Option 2: Install a pair of chargers on one circuit. Specific chargers are made to intelligently exchange power to avoid overloading the circuit. This option involves more complex electrical work for around the same price as many dual chargers.
What are Time of Use (TOU) Rates?
Using TOU rates allows you to pay for power depending on the time of day. Electricity is more expensive during “peak hours” when demand is high and less expensive during “off-peak” hours.
Best Time(s) of Day to Charge Your EV at Home
Charging between midnight and 3 p.m. saves money and maximizes clean energy consumption. Even better, you can set a charging timer so your vehicle charges after midnight and still has enough range for the following day’s commute.
Peak Shaving and Load Shifting
Reduced distribution system losses and longer transformer life are benefits of reducing peak load and moving it to off-peak times. Also, off-peak power pricing benefits EV drivers.
Best Time(s) of Day to Charge Your EV in Public
It isn’t standard practice for public charging stations to vary in price by the time of day. However, if you plan to charge at work or in public instead of at home, you should consider the total price difference from charging at home.
What Is Bidirectional EV Charging?
Unlike unidirectional (one-way) EV chargers, bidirectional (two-way) EV chargers allow electricity to flow both ways.
Vehicle to Grid (V2G)
EVs communicate with the utility grid to provide electricity. Many people think bidirectional charging will be vital in the future power grid and the growing usage of renewable energy sources.
Vehicle to Home (V2H)
An electric vehicle can also supply electricity to a house or workplace through its electrical panel, which is helpful during power shortages.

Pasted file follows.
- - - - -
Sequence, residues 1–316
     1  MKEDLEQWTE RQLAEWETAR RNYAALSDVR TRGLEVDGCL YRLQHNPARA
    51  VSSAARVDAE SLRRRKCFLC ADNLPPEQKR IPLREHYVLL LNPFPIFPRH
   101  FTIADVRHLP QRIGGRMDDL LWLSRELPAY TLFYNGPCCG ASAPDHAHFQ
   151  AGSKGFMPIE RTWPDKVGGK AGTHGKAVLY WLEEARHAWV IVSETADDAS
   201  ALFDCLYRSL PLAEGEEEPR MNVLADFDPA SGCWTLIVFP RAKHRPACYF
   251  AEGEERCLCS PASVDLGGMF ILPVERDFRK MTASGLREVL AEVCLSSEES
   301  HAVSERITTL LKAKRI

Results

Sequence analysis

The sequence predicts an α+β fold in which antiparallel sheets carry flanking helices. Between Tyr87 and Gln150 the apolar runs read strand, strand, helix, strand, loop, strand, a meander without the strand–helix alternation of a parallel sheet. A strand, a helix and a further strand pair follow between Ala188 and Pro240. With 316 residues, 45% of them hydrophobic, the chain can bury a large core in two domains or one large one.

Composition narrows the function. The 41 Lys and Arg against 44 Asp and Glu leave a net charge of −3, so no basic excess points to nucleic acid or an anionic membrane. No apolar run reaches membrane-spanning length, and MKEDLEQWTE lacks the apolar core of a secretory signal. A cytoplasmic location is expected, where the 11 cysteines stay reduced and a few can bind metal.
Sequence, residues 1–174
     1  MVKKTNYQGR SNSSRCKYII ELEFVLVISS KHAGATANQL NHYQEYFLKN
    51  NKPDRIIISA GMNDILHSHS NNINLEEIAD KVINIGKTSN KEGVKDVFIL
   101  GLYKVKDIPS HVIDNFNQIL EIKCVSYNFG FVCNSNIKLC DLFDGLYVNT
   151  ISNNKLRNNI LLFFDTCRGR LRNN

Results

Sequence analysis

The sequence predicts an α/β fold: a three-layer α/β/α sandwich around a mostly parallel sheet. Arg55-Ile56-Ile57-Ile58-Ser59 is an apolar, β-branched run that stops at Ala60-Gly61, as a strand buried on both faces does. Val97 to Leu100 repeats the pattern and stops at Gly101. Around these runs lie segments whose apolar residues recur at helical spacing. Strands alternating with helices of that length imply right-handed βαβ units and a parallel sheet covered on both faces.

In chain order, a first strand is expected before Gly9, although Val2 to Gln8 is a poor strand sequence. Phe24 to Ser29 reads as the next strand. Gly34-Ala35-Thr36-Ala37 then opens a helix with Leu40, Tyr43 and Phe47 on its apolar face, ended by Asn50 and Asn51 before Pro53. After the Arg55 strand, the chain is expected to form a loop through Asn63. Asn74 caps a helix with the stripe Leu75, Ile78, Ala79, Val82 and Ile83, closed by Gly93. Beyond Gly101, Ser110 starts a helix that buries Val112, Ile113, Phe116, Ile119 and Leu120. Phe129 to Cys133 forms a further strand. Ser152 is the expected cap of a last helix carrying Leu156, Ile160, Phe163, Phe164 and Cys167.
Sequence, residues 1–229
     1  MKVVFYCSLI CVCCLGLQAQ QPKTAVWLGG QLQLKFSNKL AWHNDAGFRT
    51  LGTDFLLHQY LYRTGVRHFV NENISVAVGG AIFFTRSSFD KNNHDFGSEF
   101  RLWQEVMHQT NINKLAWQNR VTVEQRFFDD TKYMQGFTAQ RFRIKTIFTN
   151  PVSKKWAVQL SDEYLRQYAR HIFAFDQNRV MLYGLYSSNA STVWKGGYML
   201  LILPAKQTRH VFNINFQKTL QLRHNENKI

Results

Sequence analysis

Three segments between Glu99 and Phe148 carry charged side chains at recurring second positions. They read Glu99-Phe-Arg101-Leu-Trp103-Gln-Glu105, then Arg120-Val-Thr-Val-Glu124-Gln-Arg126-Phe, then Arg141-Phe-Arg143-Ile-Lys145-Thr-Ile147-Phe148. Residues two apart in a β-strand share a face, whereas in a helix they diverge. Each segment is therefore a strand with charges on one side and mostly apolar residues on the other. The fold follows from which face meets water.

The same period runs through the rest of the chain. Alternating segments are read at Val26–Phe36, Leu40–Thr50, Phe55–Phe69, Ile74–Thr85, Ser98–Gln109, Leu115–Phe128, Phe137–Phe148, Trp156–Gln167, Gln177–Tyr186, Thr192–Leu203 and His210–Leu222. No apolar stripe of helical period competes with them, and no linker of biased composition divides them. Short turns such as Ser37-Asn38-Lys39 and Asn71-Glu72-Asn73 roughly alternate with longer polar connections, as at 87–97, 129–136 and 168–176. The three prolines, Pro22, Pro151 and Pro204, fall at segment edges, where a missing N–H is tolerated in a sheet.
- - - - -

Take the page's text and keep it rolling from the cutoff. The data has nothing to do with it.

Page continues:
What Are The Benefits of Bidirectional Charging?
Simply said, bidirectional charging enables us to charge electric vehicle batteries while simultaneously re-directing energy from the batteries back to the power system to assist with balancing demand surges.
Can I Make/Save Money through Bidirectional Charging?
With a bidirectional EV charger, EV owners can earn money by selling extra energy back to the grid. This includes electricity from solar panels on your roof, renewable load balancing, your home’s power supply, or a public charger.
How Do I Find An Electrician to Install My EV Charger?
As stated earlier, when looking for the right electrician to install your EVSE, it’s essential to hire an electrician with experience and knowledge of EVSE installation. ClipperCreek offers an installer resource that can help you locate an experienced electrician in your area.
The demand for EVs is growing, and more people than ever are considering purchasing one. If you are in the market, hopefully, this article cleared up some burning questions about EVs and EVSE. Be sure to check out other EV-related articles to learn more.
Our platform connects you and your asset to a network of local, compliant, and certified service providers for any EV charger maintenance, repair, or installation. To learn more about onboarding and becoming a provider, contact the team for additional information or a platform demo.